KfW is now rolling out the eco.business Fund in Africa on behalf of the German government. It will grant “green loans” to companies that operate sustainably in Africa and thus create incentives to switch to environmentally and climate-friendly production methods in order to preserve biodiversity and conserve resources. The fund has already existed in Latin America since 2014. Due to its success there, it is now being expanded to Africa.
German Minister of Economic Cooperation Gerd Müller and KfW Executive Board Member Joachim Nagel presented the fund to a large audience at Green Week in Berlin.
The launch was part of a diverse side programme on the opening day of the traditional agricultural fair, which was also attended by creative figures such as filmmaker Volker Schlöndorff and meteorologist Sven Plöger. It was held in the international hall on a stage of the German Ministry for Economic Cooperation and Development (BMZ) and was entitled “EINEWELT unsere Verantwortung – Klima, Wald und Landwirtschaft” (ONE WORLD – Our Responsibility – climate, forest and agriculture).
German Minister of Economic Cooperation Gerd Müller said that the world “has become a global village” in which we all have to see ourselves “as part of a whole” and thus act responsibly in business and consumption. Because forests are being destroyed and soils degraded and oceans are becoming warmer. According to the Minister, the situation “is dramatic”. “We know what needs to be done. But knowledge is not enough. We have to act.” Sven Plöger stressed that climate change is now becoming “palpable” – “we feel it.” We are getting closer to what researchers have been warning us about for 30 years. “Which is why we need to move from talking to acting,” he said. And KfW Executive Board Member Nagel emphasised: “Now it is a matter of truly putting the good ideas that exist into practice.”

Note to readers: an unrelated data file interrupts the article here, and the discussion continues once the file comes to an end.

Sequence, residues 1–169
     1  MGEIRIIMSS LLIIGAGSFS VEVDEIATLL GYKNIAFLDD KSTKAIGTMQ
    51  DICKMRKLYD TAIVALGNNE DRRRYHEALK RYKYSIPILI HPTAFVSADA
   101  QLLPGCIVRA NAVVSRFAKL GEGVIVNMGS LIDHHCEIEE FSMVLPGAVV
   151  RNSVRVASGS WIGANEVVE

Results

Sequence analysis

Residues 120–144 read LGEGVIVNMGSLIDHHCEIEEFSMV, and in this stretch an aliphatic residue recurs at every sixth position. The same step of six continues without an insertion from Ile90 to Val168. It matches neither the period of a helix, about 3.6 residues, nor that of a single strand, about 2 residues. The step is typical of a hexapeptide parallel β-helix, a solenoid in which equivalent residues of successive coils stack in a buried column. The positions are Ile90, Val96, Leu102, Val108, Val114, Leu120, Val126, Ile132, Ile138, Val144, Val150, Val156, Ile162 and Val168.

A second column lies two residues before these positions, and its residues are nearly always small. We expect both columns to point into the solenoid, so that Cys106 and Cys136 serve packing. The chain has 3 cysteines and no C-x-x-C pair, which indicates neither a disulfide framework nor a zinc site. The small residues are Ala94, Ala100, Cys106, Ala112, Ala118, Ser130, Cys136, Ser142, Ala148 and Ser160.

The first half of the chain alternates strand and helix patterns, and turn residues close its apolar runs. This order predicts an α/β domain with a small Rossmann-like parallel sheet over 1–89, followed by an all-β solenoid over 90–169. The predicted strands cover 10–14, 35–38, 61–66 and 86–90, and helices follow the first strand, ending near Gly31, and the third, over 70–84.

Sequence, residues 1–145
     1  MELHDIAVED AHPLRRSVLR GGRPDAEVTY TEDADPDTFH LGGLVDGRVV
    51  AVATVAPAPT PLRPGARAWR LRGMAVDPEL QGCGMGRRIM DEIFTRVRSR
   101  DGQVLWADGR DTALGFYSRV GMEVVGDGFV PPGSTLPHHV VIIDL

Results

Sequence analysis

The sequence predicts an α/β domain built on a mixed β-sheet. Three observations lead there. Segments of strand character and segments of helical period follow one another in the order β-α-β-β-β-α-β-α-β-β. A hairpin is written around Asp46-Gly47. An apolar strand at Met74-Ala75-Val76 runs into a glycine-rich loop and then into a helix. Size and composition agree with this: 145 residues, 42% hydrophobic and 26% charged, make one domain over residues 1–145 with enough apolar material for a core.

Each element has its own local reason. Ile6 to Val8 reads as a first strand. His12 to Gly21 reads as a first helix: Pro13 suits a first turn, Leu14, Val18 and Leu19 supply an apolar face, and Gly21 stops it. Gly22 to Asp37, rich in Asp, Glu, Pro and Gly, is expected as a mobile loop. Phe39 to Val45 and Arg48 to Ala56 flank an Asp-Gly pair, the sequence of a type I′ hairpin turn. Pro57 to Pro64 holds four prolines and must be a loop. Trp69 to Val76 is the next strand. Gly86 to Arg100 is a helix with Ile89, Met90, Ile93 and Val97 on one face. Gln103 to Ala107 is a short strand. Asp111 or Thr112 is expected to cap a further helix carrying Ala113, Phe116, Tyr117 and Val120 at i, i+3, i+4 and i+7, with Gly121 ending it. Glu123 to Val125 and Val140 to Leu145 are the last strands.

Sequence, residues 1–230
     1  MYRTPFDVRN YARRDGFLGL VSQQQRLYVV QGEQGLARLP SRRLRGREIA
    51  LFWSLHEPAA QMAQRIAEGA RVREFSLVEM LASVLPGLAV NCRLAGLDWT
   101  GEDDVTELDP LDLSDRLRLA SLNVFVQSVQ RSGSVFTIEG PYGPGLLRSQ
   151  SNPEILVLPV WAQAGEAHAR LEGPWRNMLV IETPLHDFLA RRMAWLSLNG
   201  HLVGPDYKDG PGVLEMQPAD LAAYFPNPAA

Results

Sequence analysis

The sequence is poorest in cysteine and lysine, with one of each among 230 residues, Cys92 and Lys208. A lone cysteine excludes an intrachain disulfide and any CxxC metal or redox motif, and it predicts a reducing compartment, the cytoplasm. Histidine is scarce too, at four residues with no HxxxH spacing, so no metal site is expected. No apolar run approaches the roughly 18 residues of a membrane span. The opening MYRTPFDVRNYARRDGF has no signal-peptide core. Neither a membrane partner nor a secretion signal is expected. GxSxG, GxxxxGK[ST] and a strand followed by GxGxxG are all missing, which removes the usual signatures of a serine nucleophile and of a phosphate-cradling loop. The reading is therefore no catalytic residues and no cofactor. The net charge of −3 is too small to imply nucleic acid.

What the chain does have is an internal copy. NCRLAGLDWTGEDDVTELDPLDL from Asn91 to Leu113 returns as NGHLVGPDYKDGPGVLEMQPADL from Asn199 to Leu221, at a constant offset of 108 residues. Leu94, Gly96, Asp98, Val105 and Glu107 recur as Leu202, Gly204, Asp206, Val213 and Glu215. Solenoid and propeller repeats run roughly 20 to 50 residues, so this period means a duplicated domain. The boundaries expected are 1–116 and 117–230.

From talk to action – example eco.business Fund
A concrete example of how this can be achieved is the eco.business Fund. It creates incentives for green businesses by granting loans in cooperation with local financial institutions (or directly) to companies that produce sustainably, for example in cocoa or coffee farming. In this way, it motivates people to conserve raw materials and preserve forests and biodiversity.
In Latin America, loans of more than half a billion Euro have already been granted since its foundation in 2014. Within a short period of time, the fund has thus helped to protect more than 90,000 hectares of land from deforestation, to save around four million cubic metres of water and to implement soil protection measures on more than 80,000 hectares of farmland. “We have achieved a great deal in Latin America, so we are now bringing the concept to Africa,” said Nagel at the launch.
The fund is a pioneer because it only supports companies that replace conventional production methods with sustainable ones or already operate sustainably. And because it uses public funds to mobilise private funds in industrialised countries, which in Latin America already account for around 30 percent of the total volume. “The fund should therefore also be seen as an appeal to the private sector to engage more with sustainability,” Nagel said in Berlin. “We are co-financing the fund, but the key is to attract private capital,” added Minister Müller.
In conclusion, Minister Müller established a link between development policy and the European Union's Green New Deal. The EU plans to spend a trillion Euro on environmental and climate protection over the next ten years and make Europe climate-neutral by the middle of the century. “We can only save the world climate on an international scale,” said Müller. At least the same amount is therefore needed worldwide. “The difference is that we achieve ten to hundred times greater impact in developing countries” – with projects such as the eco.business Fund.